Broadband provider EarthLink has won the bid to build a citywide Wi-Fi network in Philadelphia.
Yesterday, EarthLink announced that it is partnering with broadband access wholesaler Covad Communications to offer VoIP. The service, which will cost $69.95 for the top tier package, will feature unlimited calling within the U.S., plus fast 8mbps download and 1mbps upload DSL.
What should EarthLink do next? I say they ought to buy Wi-Fi hotspot and infrastructure provider Boingo Wireless.
Why? So EarthLink can offer triple-play, their own way. I am talking Wi-Fi, VoIP, and broadband Internet access.
Could be done. Just so happens that Boingo founder and chairperson Sky Dayton (pictured above, in between the logos of EarthLink and Boingo), founded EarthLink and still sits on their Board. He could be the catalyst that could kick such a deal into motion.
I happen to think EarthLink is very smart. More than almost any other technology company - telecom sector or no - they are excellent at a reality-check assessment of what services they might be outgunned in - and what alternative means they can use to offer what they feel they need to compete.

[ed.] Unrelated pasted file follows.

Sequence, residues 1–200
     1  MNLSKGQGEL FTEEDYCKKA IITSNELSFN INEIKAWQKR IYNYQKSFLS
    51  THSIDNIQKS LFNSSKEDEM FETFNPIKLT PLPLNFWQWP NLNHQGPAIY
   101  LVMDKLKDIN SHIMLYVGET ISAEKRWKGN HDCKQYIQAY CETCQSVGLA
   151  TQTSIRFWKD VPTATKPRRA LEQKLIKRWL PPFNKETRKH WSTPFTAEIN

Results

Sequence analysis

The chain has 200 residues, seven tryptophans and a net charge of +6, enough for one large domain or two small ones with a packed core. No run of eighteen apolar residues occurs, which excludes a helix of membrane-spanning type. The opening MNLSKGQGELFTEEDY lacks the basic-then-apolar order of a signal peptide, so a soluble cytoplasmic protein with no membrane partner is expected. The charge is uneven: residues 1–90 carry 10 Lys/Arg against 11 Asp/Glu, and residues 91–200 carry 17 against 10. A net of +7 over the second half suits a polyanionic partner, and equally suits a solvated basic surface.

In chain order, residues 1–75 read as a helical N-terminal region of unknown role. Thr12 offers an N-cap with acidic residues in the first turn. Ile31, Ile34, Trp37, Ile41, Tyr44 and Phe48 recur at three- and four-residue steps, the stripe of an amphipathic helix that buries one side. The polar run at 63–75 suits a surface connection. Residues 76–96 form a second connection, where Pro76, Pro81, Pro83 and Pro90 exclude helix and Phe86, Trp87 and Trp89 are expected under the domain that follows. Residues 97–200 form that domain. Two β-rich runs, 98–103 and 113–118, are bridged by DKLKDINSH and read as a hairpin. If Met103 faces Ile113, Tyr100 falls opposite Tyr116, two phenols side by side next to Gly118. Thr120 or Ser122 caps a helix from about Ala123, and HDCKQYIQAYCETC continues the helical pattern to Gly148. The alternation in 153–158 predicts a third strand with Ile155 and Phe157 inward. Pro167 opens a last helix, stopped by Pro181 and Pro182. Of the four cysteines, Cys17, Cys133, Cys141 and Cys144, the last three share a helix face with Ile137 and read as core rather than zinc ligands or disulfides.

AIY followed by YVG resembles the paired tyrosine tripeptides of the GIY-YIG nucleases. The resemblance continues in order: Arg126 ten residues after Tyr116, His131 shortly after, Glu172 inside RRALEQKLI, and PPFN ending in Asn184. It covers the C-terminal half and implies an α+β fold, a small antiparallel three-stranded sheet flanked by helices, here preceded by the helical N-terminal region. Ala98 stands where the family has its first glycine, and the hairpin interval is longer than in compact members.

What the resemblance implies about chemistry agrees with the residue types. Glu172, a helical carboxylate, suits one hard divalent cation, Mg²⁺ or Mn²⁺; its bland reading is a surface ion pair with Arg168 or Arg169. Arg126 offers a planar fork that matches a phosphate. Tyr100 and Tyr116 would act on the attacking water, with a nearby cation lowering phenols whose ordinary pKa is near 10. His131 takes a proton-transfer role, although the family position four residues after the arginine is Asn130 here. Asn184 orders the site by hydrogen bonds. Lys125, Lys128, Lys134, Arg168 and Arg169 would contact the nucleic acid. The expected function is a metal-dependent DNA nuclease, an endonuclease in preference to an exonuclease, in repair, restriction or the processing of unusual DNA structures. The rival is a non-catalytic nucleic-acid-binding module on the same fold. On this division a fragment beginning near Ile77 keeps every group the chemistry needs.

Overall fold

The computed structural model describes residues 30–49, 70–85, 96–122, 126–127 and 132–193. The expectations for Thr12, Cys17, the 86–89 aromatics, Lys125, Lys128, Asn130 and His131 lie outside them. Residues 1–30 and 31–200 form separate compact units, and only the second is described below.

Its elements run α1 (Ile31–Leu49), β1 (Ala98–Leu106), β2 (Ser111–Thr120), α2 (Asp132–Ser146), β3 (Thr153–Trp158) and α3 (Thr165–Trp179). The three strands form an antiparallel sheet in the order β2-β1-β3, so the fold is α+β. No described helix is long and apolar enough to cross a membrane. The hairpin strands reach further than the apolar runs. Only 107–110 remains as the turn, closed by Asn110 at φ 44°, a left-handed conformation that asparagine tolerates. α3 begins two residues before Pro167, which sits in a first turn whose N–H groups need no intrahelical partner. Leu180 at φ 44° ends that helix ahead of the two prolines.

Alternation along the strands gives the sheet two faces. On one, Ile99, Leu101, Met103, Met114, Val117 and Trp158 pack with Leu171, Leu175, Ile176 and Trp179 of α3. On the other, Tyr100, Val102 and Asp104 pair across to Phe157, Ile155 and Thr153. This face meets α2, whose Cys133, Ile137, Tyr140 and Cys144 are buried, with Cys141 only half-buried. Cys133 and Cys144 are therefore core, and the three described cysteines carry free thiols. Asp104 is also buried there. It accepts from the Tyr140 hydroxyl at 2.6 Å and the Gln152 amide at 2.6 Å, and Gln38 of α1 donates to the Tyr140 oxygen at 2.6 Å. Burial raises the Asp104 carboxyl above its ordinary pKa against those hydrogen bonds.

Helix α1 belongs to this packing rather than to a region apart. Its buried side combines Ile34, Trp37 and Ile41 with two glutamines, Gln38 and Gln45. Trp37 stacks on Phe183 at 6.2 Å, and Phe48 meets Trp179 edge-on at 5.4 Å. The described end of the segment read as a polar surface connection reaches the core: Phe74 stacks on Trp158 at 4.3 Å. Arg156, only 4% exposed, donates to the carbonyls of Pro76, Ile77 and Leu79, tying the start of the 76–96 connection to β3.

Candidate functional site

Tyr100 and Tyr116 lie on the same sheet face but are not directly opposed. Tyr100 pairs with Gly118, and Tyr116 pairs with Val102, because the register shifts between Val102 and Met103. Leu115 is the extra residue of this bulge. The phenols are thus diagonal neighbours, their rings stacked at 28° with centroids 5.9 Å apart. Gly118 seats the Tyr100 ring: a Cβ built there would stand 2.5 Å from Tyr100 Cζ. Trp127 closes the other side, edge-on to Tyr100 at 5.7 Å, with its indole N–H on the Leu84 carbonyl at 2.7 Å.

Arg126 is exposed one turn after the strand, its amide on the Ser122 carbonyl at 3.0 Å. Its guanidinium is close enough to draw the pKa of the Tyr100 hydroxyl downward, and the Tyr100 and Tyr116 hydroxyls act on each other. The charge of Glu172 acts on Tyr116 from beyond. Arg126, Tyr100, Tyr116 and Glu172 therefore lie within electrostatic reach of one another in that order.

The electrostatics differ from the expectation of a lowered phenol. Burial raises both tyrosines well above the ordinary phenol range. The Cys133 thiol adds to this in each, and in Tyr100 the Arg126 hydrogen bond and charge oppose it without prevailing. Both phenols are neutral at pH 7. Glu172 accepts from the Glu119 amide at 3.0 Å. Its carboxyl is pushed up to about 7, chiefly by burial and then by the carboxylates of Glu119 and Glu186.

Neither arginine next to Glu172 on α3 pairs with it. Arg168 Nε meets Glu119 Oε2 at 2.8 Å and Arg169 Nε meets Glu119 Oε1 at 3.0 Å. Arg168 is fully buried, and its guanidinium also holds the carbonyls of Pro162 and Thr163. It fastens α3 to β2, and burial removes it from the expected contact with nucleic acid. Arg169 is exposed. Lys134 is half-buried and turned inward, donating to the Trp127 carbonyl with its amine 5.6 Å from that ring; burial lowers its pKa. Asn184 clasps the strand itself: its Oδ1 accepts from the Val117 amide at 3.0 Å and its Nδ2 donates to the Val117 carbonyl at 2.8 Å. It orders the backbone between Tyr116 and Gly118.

It's important to recognize that because EarthLink does not own their broadband pipes, they have to use alternate routes to get to the home. As my colleague Marguerite Reardon explained yesterday, both the U.S. Supreme Court and the Federal Communications Commission ruled last year that DSL and cable modem providers do not have to share their infrastructure with competitors such as EarthLink.
EarthLink smartly looked for competitors to those companies, and came up with Covad. EarthLink built an alliance that maximizes Covad's wholesale broadband inventory, while extending their own portfolio to a bundled service package of broadband Internet service access and VoIP. EarthLink's rivals are doing bundles, so EarthLink is executing that same strategy.
But they are doing it on their own terms.
Terms which would make a nice triple play if Boingo were under the same corporate roof.